Better late than never. Continued from my Feb/March London/UK trip.
I visited the newly refurbished BBC building to see newsrooms and recording studios. Liked the design and overall feel of newsrooms/sections (lobbys to gather and discuss) which are open and very much connected with each other. Impressive glass walls received the highest score. (From a BBC website: At the heart of the building is the newsroom, a column-free space, surrounded by technical areas and day-lit by the eight-storey high atria above.)
A big thanks to Bhagirath Yogi who works at the Nepali Service for giving me a tour of the $1.59 billion building. If you want to read more about the building here’s a Guardian article. Want to read about New York Times’ new building? Here you go: Architecture Blog: New York Times Building Vs Kantipur Tower!).
The 103 Megahertz that used to relay BBC World Service in Kathmandu valley is now starting to air the broadcast of Radio Nepal, the station that rented the 103 MHz to the BBC: समय सधै चलि राख्यो, सुई पो त घुमेनन् (Time always kept moving, just that arms -of the clock- didn’t move)! Is that because of technical problem or something other?
This afternoon, when I tuned in to FM 103 that airs BBC World Service in Kathmandu, I was kind of surprised. A song by a female singer in Maithali language talking about equality between men and women was being played. My instinctive thought was that I was listening to a BBC World Service program about world music. I told myself ‘wow, a Nepali song in the BBC!’ I gave more attention to the lyric and thought who the singer might be. As I listened to the song, I also thought ‘wow they are playing the whole song!’ Suddenly my sixth sense worked and I realized something unusual was happening. Within a second or two, I heard a Nepali voice that was announcing the next song. I soon tuned in to FM 100 Megahertz to see what the station was playing. I heard the same voice. Why I checked the 100 MHz? Because the station belonged to Radio Nepal and I knew that BBC had hired the 103 MHz from the state run radio station. After the royal coup of 2005, the government used to interrupt and censor the BBC World Service broadcast with the Radio Nepal broadcast.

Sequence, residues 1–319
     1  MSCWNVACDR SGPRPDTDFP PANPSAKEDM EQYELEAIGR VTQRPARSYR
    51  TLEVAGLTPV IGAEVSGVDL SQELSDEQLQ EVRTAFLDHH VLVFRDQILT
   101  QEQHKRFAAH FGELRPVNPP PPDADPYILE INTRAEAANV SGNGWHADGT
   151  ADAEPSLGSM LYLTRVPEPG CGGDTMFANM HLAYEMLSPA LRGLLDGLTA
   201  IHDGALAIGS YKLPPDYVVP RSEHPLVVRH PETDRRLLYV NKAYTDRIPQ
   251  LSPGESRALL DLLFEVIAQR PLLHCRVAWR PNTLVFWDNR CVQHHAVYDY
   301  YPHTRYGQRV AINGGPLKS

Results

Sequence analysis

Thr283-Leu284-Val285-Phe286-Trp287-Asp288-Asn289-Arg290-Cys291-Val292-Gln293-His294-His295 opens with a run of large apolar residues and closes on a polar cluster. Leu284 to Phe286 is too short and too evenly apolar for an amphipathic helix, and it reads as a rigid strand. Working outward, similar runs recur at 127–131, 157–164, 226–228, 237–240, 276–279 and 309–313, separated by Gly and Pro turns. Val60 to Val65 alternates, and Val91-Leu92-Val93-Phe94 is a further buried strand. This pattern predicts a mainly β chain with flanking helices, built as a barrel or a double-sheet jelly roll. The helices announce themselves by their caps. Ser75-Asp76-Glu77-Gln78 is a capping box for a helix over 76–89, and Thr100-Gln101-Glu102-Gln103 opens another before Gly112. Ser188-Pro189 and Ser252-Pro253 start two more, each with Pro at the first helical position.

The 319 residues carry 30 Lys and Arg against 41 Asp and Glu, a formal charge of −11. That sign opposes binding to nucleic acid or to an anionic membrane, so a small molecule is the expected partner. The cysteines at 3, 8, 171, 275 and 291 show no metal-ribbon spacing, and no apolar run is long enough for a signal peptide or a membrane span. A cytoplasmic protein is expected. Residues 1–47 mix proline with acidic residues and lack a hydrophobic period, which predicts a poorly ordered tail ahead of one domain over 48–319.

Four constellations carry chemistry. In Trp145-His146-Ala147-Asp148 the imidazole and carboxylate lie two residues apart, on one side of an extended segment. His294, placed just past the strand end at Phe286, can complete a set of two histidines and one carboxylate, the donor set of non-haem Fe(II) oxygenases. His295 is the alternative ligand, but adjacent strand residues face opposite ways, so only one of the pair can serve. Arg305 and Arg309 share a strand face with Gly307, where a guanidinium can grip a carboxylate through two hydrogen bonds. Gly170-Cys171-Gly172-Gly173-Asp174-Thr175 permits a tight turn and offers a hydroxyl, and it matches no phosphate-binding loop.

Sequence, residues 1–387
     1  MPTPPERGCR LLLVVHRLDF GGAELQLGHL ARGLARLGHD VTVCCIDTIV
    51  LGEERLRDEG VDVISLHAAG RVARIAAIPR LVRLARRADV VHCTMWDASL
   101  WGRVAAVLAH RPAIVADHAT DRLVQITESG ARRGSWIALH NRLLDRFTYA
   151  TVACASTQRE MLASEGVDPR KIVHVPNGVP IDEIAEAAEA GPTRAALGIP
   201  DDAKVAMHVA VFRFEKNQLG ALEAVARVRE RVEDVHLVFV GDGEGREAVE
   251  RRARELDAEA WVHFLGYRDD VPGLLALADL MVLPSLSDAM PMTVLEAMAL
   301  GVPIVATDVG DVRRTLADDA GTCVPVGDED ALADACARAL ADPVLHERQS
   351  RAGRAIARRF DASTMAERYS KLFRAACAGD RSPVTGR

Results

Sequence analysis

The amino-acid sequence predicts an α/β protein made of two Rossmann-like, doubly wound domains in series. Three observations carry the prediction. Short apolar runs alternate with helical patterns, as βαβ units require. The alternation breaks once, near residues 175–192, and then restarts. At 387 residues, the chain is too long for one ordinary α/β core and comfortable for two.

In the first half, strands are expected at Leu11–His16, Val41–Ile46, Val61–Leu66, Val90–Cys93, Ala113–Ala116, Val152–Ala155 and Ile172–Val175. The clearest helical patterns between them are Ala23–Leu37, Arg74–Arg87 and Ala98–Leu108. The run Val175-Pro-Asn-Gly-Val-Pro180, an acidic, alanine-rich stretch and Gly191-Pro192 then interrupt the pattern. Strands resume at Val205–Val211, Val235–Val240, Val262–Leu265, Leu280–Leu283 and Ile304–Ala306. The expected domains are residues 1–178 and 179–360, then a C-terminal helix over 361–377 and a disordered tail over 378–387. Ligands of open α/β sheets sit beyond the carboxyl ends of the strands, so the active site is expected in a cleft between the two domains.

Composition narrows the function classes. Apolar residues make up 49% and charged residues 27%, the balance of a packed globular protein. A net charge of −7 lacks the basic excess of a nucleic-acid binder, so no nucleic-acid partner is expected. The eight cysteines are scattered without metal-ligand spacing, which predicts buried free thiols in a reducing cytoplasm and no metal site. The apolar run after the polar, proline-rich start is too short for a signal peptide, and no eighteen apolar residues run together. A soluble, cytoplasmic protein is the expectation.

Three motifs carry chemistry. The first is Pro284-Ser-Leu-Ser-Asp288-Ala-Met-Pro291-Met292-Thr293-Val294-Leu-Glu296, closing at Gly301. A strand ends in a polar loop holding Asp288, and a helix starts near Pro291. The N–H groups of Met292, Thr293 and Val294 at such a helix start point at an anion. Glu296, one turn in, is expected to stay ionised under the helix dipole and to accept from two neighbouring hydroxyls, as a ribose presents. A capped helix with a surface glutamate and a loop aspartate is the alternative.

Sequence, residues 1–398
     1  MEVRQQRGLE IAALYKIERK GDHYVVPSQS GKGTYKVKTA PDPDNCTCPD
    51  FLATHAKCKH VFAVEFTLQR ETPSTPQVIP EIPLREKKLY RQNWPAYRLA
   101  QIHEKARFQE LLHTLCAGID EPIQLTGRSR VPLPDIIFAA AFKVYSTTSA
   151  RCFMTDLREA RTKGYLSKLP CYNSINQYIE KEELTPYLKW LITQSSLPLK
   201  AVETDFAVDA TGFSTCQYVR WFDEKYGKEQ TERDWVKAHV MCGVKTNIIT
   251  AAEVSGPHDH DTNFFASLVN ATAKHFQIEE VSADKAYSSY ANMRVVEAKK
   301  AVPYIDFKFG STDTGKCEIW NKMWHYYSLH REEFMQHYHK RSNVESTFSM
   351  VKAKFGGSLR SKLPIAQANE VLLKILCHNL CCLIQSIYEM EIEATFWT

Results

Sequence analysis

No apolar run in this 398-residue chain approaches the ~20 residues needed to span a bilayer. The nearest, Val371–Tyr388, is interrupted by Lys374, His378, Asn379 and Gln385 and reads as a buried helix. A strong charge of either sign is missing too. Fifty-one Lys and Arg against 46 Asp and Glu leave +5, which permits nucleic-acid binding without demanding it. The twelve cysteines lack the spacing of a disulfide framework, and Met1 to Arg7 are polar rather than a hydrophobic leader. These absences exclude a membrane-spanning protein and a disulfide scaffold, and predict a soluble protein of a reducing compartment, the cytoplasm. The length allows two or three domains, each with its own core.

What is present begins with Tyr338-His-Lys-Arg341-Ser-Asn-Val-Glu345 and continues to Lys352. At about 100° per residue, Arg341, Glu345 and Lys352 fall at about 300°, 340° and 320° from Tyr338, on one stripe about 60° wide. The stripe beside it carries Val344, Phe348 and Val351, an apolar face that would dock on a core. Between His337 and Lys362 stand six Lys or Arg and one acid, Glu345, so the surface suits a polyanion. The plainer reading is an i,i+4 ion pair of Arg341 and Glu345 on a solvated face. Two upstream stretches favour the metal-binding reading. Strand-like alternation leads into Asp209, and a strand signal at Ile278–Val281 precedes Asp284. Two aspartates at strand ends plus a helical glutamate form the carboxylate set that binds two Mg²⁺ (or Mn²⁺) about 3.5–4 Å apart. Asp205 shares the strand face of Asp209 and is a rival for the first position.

Then another thought came to my mind. What happened to the BBC World Service broadcast? There is no royal government and it’s a democracy. I guessed that the station might have faced some technical problem.
It’s 10:59 PM now and FM 103 is still relaying the FM 100 broadcast. A guy was reading gajal:
आशा गर्ने हैन उब्जाउनुपर्छ आटो आफै
Okay, his name is Tirthaman and he was among the three who won consolation prize in a Gandaki zonal wide gazal competition by Damauli, Tanahun based Gandaki Bangmaya Pratisthan. Is that a satire to me? Is he telling me not to be आशे (Aase-the one who expects)? What do I do? I can’t open a BBC World Service like station now, can I?
I love listening to the World Service as it provides me not only news from around. Since it is available on FM transmission (instead of irritating short wave), it’s easy to get the quality broadcast on the go. More than that, I tune in to the World Service for their programs on various issues and analysis. Just yesterday I heard a wonderful program about rift between two communities in Belgium. I never knew before that the country with the capital of European Union was going through heated debates about partisan. It was actually surprising to learn that people of Belgium are so much divided that splitting the country into two zones (mainly based on language spoken by the people on South and North- French and local version of German. I also get varieties of ideas from the World Service coverage for my reporting purpose. Though I hadn’t listened to the World Service for quite some time because my mobile earphone was broken, I had resumed the habit recently after I bought new earphone at the cost of Rs. 1,100. Frustratingly there is no BBC World Service on FM 103 at this point in time and a Radio Nepal report about a Gazal competition is being aired. Continue reading